Observing the steady shear measurements, i.e. hysteresis loop area and apparent viscosity, it can be noticed that incorporation of both maltodextrin gels resulted in significant (P<0.05) increase in thixotropic loop area as well as values of apparent viscosity. Yield stress measurements showed that maltodextrin gel addition also resulted in significant increase in yield stress value in comparison to control sample. The difference between yield stress values was not influenced by the type of maltodextrin gel. According to Beckett [2] small increase in moisture content in chocolate and chocolate like systems result in significant increase in apparent viscosity as well as yield stress value. Namely, fat has a major role as lubricating material of polar hydrophilic sugar particles enabling its desirable flow properties. Therefore, water addition in these systems increased interactions between sugar particles and hence, increased viscosity and yield stress values. There are a lot of papers regarding the water addition in chocolate and chocolate like systems, however, there is a lack of paper concerning maltodextrin addition which could stabilize incorporated water and reduce well known rheological changes. Viscoelastic and textural properties i.e. firmness values, were influenced in the same manner, which resulted in significant changes in elastic modulus and firmness by fat replacement. It can be noticed that systems prepared with maltodextrin obtained from waxy maize, which built much firmer gels [8] in comparison to potato

maltodextrin gel, expressed larger thixotropic loop areas, higher apparent viscosity, yield stress, elastic modulus and firmness value in comparison to reduced fat systems prepare with potato maltodextrin gel.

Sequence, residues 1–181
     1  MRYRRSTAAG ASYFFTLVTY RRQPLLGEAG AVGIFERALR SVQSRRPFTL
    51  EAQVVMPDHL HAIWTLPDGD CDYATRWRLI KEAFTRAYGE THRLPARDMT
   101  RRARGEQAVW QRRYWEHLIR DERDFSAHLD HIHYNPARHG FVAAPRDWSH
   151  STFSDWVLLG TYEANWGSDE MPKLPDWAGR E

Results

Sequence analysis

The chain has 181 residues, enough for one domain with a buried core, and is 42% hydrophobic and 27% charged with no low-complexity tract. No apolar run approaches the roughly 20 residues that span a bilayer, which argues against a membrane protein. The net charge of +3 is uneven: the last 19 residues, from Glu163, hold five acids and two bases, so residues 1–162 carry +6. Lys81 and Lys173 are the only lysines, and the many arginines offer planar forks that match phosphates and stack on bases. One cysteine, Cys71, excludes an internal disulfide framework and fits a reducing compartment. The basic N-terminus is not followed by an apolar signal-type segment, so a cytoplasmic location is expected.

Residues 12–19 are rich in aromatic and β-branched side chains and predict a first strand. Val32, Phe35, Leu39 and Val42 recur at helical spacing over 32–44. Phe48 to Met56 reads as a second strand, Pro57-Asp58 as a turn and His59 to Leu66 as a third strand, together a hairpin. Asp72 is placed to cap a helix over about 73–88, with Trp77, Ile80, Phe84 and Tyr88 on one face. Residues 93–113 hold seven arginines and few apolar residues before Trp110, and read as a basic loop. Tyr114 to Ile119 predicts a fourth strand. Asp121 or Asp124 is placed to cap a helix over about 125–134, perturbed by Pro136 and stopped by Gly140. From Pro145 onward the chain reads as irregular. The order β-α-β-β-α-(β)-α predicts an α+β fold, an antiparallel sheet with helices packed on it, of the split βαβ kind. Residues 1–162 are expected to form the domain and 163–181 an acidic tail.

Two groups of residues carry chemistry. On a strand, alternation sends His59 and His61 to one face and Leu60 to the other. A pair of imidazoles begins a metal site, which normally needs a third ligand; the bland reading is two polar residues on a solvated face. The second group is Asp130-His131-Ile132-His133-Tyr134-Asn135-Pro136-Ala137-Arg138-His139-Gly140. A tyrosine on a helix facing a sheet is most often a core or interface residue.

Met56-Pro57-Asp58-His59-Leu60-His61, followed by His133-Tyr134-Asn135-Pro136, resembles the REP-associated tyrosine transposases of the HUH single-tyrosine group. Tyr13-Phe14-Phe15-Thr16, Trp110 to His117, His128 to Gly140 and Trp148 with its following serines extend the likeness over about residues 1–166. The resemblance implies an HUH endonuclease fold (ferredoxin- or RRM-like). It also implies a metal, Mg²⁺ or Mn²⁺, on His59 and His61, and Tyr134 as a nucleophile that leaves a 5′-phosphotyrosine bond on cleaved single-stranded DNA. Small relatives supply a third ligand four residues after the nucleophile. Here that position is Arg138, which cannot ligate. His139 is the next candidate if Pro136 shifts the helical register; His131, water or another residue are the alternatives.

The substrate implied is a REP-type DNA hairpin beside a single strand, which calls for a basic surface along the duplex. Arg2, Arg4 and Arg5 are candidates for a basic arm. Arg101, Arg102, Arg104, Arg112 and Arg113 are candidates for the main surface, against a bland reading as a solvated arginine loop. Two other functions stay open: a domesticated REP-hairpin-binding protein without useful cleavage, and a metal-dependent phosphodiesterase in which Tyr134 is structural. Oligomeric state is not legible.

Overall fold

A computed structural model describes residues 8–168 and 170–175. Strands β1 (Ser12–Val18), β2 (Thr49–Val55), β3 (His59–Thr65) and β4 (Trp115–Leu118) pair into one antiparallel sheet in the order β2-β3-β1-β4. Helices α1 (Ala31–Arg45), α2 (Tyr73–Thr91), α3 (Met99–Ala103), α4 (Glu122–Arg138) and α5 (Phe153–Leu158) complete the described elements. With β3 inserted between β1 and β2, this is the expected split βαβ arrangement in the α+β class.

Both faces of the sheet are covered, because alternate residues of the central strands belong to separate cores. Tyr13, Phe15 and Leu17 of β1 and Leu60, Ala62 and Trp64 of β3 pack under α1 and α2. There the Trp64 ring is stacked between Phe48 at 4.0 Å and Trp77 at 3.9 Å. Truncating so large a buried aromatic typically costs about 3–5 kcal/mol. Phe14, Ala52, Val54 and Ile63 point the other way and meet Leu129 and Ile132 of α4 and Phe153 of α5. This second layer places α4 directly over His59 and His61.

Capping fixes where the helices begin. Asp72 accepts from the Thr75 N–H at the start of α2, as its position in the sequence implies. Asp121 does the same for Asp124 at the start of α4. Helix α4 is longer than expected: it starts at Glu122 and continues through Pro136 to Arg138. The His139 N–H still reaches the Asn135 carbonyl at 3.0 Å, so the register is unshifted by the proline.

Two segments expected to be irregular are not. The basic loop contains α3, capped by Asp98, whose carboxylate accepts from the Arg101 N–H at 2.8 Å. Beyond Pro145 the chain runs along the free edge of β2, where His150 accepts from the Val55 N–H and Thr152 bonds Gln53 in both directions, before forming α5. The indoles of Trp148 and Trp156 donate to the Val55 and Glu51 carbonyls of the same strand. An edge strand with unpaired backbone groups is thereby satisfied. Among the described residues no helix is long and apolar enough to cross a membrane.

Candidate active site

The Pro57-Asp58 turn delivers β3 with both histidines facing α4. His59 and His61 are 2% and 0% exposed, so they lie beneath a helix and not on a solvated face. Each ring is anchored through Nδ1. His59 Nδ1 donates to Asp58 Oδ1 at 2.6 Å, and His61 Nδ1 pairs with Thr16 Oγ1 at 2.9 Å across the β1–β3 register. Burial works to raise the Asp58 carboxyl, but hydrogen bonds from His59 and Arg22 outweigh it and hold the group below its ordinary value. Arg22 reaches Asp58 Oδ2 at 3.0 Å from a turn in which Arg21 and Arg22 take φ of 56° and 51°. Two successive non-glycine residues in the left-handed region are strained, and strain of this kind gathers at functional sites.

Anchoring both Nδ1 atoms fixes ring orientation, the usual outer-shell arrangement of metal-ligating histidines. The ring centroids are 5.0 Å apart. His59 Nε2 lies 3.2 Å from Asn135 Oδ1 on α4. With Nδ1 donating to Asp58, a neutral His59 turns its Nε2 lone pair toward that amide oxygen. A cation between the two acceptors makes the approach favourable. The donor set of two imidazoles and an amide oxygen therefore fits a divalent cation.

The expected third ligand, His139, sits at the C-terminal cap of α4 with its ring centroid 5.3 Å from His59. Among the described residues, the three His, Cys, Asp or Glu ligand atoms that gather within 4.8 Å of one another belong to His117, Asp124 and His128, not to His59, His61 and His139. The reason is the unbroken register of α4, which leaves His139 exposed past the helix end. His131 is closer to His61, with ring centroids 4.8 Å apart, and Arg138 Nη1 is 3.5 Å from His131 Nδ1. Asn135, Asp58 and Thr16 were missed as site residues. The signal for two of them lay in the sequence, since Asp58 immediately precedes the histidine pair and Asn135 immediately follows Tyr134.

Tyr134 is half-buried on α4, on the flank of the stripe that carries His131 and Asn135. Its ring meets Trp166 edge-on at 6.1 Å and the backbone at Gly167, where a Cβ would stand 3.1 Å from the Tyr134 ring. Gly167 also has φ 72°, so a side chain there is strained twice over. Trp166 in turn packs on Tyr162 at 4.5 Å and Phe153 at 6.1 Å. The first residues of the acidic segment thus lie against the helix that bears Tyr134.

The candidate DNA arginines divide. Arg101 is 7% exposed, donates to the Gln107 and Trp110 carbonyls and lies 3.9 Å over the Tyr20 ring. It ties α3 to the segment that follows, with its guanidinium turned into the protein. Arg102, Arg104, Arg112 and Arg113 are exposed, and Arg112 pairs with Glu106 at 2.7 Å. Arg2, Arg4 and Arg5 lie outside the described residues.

4. Conclusion

Incorporation of waxy maize and potato maltodextrin gels in confectionery chocolate spread systems resulted in changed rheological parameters. Fat replacement could be achieved up to 15%. However, above 15% i.e. 30% and 50% fat replacement levels caused inverted phase behaviour. This product expressed rheopectic, viscous behaviour with changed sensory properties. Fifteen percent fat replacement level with both maltodextrin gels led to significant increase in hysteresis loop areas, apparent viscosity, elastic moduli and firmness value. Also, systems prepared with waxy maize maltodextrin gel expressed more significant changes in rheological and textural parameters in comparison to control sample and potato maltodextrin gel containing sample.

Acknowledgements

This work was supported by the Project III 46001, Ministry of Science and Technological Development, Republic of Serbia.

References

[ 1] Afoakwa EO, Patersona A, Fowler M. Factors influencing rheological and textural qualities in chocolate - a review. Tricdd Faad Sei Tieh 2007; 18: 290-298.

[2] Beckett ST. Controlling the Flow Properties of Liquid Chocolate. In: Beckett ST., editors. Thi Sciicci af Chacalati icd Editiac. Cambridge: The Royal Society of Chemistry; 2008

[3] Narine S S, Marangoni AG. Structure and mechanical properties of fat crystal networks. In: Taylor S, editors, Ad/accid ic Faad acd Nutritiac Ridiarch vol 44, Academic Press; 2002, p. 33-145

[4] deMan JM. Relationship among chemical, physical, and textural properties of fats. In: Widlak N, editors, Physical prapirtiid af fats, ails acd imuldiacd, Champaign: AOCS Press; 1999

[5] Hadnadev M, Dokic LJ, Dapcevic Hadnadev T, Pajin B, Krstonosic V. The impact of maltodextrin-based fat mimetics on rheological and textural characteristics of edible vegetable fat. 2011; J Texture Stud; doi:10.1111/j.1745-4603.2011.00302.x

[6] Bell A, Gordon MH, Jirasubkunakorn W, Smith KW. Effect of composition on fat rheology and crystallization. Faad Chim 2007; 101: 799-805.

[7] Traitler H, Windhab,EJ, Wolf B. Process for manufacturing chocolate compositions containing water. Ucitid Statid Patict 6165540; 2000.

[8] Hadnadev M, Dokic Lj, Pajin B, Mihic J. Rheological characterisation of maltodextrins obtained from different botanical origin starch. International Symposium "5th International symposium on food rheology and structure - ISFRS 2009" Zürich, Switzerland, 15-18 June, 2009. Proceedings p. 652-653.

Presented at ICEF11 (May 22-26, 2011 - Athens, Greece) as paper FMS766.